In the case of the more refractory hydrocarbons, however, the catalytic activity of the highly siliceous zeolite framework is not great enough to accomplish complete oxidative combustion using reasonable conditions of space velocity and temperature. Moreover, attempts to introduce catalytically effective amounts of Cu++ cations into these alumina-poor zeolites have been generally unsuccessful for several reasons.
Firstly, the only known sources of copper cations suitable for introduction into the zeolite lattice by aqueous ion-exchange techniques are the water soluble salts of copper in which the copper cation is divalent. The tendency of each divalent Cu++ cation is to balance the electrovalence of two AlO4 - tetrahedra, each formerly associated with a single monovalent cation. Thus, the relatively few AlO4 - tetrahedra in the zeolite are essentially halved in number insofar as providing a cation site to be occupied by Cu++ cations is concerned. This places a premium on the use of zeolites with a relatively low SiO2 /Al2 O3 molar ratio with the consequence that the essential hydrophobic or organophilic property cannot be maximized in the catalyst composition.
Secondly, upon dehydration, i.e. activation of Cu++ exchanged high-silica zeolites such as acid-extracted zeolite Y, it is observed that there is a spontaneous conversion of the Cu++ cations to the monovalent form and the formation of an equal number of cation sites occupied by protons. Not only are the monovalent Cu+ cations not equivalent to Cu++ cations with respect to combustion catalysis, but also there is a marked tendency for the monovalent copper cations to be reduced to elemental copper and consequent further loss of catalytic activity. Moreover, the Cu+ zeolite cation readily forms a bidentate complex with two molecules of CO. One of the CO ligands is readily removable, but the resulting monodentate is extremely stable and requires heating at 200° C. under vacuum for dissociation.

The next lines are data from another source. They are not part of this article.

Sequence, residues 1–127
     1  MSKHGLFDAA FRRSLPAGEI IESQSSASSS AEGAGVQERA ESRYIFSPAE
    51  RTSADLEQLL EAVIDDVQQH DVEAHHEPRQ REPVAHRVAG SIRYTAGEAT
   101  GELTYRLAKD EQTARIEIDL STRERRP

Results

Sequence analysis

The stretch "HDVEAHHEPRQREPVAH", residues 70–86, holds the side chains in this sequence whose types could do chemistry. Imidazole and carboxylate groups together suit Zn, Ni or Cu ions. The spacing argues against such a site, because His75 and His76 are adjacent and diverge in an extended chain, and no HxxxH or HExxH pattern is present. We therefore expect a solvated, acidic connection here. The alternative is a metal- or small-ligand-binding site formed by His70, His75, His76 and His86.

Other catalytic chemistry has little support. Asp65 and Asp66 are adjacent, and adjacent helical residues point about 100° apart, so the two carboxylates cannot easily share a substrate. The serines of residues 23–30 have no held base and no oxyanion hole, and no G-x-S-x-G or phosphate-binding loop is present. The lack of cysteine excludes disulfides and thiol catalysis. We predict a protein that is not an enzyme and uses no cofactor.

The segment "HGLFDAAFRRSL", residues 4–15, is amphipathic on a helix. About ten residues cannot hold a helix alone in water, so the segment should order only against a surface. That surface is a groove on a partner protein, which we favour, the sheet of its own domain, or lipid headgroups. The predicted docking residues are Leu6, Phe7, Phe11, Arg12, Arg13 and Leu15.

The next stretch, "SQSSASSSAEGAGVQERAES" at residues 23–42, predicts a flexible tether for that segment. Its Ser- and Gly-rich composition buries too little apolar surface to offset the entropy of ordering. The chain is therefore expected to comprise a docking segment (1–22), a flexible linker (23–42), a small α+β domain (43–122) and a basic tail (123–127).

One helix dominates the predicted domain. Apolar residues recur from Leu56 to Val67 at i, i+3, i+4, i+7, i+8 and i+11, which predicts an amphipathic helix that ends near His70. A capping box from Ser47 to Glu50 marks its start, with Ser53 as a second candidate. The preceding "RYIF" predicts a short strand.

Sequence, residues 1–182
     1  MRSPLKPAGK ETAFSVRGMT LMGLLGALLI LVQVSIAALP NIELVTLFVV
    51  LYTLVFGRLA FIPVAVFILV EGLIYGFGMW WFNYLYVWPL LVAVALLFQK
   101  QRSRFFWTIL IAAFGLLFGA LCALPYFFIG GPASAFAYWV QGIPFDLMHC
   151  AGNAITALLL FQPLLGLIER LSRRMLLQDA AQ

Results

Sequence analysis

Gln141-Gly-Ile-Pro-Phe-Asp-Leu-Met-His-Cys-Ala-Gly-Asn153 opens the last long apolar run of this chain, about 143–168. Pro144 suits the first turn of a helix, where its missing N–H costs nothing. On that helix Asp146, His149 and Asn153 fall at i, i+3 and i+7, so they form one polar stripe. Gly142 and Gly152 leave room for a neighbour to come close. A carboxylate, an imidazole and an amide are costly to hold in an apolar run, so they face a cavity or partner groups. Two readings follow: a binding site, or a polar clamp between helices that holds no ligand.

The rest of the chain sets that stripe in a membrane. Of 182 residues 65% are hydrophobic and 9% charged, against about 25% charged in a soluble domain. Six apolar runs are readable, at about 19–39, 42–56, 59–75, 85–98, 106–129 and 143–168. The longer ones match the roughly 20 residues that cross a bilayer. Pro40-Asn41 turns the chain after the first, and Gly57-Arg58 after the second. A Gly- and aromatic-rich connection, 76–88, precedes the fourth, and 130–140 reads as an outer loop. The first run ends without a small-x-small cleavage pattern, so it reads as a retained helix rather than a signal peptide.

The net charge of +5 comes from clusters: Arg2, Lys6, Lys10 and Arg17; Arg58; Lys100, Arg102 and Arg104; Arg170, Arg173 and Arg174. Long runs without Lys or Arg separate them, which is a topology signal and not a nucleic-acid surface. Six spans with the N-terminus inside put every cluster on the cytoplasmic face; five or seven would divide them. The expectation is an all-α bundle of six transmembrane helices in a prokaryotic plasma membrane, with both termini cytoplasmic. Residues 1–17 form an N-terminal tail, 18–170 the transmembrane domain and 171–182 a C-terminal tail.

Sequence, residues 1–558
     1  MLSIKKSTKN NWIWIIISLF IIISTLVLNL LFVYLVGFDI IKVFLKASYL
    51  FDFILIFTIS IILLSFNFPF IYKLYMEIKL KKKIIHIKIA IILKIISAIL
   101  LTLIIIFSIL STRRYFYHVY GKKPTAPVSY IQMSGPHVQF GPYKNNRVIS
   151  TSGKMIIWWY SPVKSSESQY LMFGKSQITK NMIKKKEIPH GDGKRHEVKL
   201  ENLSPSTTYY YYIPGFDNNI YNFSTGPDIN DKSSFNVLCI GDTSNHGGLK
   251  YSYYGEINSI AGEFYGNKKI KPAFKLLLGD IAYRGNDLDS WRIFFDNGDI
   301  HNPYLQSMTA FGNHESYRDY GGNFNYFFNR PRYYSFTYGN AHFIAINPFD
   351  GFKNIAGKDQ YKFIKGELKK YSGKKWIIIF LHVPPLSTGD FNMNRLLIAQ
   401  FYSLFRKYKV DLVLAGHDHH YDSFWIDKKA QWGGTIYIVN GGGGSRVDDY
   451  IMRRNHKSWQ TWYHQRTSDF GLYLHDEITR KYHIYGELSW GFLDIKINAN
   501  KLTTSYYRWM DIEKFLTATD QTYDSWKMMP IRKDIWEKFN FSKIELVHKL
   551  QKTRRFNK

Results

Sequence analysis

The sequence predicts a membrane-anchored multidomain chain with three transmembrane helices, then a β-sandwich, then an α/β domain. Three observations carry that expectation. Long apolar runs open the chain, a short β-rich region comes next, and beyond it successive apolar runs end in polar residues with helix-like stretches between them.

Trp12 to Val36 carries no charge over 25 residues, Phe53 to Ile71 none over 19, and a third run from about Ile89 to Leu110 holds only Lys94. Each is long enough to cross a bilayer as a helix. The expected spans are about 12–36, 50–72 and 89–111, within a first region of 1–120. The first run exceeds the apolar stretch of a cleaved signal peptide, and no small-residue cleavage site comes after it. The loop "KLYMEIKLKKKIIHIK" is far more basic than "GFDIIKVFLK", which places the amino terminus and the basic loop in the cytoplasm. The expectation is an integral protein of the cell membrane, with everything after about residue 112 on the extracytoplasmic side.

There has now been discovered a unique class of copper zeolites which are both highly siliceous and contain an extraordinary amount of zeolitic divalent copper cations. The very high selectivity and hydrophobicity of these catalyst compositions make them ideally suited for use in the oxidative combustion of even the most refractory of hydrocarbons. These zeolite compositions have the crystal structure of the ZSM-5 type of aluminosilicates, at least 80% of the AlO4 - tetrahedra thereof being associated with, i.e. electrovalently neutralized by a zeolite divalent copper cation. The composition in the dehydrated state can be expressed empirically in terms of mole ratios of oxides as:
1.6-2.0 Cu++ O:0-0.2 M2 /n O:Al2 O3 :20-100 SiO2 wherein "M" is at least one cation other than Cu++, said composition having a characteristic X-ray powder diffraction pattern containing at least the following d-spacings:
TABLE I______________________________________Interplanar Spacing, d(A) Relative Intensity, I/I.______________________________________11.1 ± 0.2 S10.0 ± 0.2 S7.4 ± 0.15 W7.1 ± 0.15 W6.3 ± 0.1 W(6.04 ± 0.1 W(5.975.56 ± 0.1 WW5.01 ± 0.1 W4.60 ± 0.08 W4.25 ± 0.08 W3.85 ± 0.07 VS3.71 ± 0.05 S3.04 ± 0.03 W2.99 ± 0.02 W______________________________________ VS = Very Strong; S = Strong; W = Weak
These values were determined by standard techniques. The radiation was the K-alpha doublet of copper, and a scintillation counter spectrometer with a strip chart pen recorder was used. The peak heights, I, and the positions as a function of 2 times theta, where theta is the Bragg angle, were read from the spectrometer chart. From these, the relative intensity values, 100 I/Io where Io is the intensity of the strongest line or peak, and d(obs.), the interplanar spacing in A, corresponding to the recorded lines, were calculated.
Preferably, the SiO2 /Al2 O3 molar ratio of the present zeolite compositions is from about 40 to 85.